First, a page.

Neighbourhood planning is supposed to be a key element in central government’s reforms of the planning system in England. It is, however, controversial. The philosophy underpinning localism and, by extension, neighbourhood planning, is not recent. For example, in New York in the 1950s a powerful city planner was stopped in his tracks in lower Manhattan by a neighbourhood campaigner who championed a community-centred approach to urban planning. In the UK, localism and neighbourhood planning can be seen as the latest evolution of a process of increasing public involvement in the planning system. The post-war reconstruction of towns and cities relied heavily on professional expertise and authority but the required level of public trust began to break down in the 60s as evidenced by the Skeffington Report People and Planning which sought to give the public a greater opportunity to participate in plan-making process.
Arguably, this process was halted under the New Labour government, which introduced a number of new measures that increasingly centralised planning decision-making and reduced the opportunities for public participation with the Planning and Compulsory Purchase Act 2004 despite, at least superficially, enabling enhanced public participation with the introduction of such measures as Statements of Community Involvement. This process was taken further with the introduction of the notionally independent Infrastructure Planning Commission by the Planning Act 2008. These legislative and procedural changes moved planning further away from the people and proved to be unpopular and, in the case of development plans, inefficient. Thus delays with development plan preparation remain some 14 years after the new system was introduced. It has also resulted in large-scale planning by appeal, which has proved to be very unpopular with the public, especially in those areas under greatest pressure from new development.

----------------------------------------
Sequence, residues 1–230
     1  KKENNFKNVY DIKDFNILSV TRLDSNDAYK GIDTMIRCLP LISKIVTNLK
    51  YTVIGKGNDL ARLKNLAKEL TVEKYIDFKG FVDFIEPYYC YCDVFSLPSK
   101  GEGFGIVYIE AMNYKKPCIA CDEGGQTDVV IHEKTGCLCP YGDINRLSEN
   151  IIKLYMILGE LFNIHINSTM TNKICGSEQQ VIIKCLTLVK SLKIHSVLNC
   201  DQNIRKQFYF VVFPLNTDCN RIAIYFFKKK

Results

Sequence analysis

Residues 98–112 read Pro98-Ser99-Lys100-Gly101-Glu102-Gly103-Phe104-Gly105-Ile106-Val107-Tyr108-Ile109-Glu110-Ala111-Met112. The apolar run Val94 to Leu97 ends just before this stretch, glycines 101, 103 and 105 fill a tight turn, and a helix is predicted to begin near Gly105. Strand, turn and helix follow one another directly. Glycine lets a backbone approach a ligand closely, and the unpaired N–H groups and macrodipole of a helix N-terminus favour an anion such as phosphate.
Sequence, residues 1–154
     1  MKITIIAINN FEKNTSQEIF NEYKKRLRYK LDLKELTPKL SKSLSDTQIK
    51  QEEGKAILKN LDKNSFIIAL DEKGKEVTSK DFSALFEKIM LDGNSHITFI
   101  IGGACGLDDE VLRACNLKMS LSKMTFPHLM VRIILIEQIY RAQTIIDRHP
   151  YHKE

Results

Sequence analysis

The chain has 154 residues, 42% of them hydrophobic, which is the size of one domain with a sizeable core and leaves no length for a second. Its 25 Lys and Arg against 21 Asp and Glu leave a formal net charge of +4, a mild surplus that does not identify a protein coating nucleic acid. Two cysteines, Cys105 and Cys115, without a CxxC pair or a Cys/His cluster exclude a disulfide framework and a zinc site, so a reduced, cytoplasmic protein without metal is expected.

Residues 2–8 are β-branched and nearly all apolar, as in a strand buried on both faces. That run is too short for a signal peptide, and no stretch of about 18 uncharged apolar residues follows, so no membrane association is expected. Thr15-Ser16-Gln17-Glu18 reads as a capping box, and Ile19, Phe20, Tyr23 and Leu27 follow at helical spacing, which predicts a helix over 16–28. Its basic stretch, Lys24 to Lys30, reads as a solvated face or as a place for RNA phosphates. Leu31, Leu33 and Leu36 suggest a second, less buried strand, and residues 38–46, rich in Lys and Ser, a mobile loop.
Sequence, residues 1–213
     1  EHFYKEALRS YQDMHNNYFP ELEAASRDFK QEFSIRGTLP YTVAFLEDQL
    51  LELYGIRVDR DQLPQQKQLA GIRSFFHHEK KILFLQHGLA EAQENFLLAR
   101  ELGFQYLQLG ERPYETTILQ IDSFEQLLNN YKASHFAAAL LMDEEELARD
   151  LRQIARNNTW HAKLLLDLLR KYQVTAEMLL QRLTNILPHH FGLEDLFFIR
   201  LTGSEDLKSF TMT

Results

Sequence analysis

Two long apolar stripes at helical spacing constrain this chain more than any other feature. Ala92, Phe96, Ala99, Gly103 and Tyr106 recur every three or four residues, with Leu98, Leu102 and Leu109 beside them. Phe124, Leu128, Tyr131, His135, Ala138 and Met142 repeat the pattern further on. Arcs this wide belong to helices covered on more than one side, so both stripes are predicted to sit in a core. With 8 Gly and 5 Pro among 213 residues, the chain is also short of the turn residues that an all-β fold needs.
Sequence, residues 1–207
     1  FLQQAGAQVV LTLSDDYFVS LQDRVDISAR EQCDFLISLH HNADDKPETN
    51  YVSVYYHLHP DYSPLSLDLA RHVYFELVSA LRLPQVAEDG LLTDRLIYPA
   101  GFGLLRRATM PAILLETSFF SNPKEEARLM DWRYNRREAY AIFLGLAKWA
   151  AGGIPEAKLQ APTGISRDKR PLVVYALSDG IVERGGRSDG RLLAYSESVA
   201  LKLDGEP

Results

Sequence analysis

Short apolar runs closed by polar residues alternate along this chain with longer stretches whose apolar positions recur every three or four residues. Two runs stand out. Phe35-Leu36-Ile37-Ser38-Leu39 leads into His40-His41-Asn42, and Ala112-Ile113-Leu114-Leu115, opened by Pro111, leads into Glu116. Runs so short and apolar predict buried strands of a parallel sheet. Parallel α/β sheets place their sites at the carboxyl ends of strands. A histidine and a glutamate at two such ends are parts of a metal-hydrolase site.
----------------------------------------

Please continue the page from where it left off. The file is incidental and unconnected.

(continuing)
As a consequence, the concept of neighbourhood planning began to emerge as an alternative approach. Originally a policy initiative of the coalition government, further reforms aimed at strengthening neighbourhood planning have been legislated for by the Conservative government. As Dove J observed in Richborough Estates Ltd v Secretary of State for Housing, Communities and Local Government  EWHC 33 (Admin) the evidence before the court was:
‘that there are differing views as to whether they are a constructive part of the planning system’.
A report from planning consultancy Lichfields in May 2018 threw considerable doubt on the government’s repeated claims that neighbourhood plans allocate on average 10 per cent more homes than councils’ local plans. The Lichfield report analysed 330 adopted or ‘made’ plans, which was well over half the 542 plans that had been completed at that time. It is understood that the government has not disputed the Lichfield report’s findings. Nonetheless, a number of judicial decisions illustrate that the courts are reluctant to frustrate the neighbourhood planning process. National planning policy changes introduced in July 2018 suggest that there may be a cooling of enthusiasm for neighbourhood planning at the level of central government.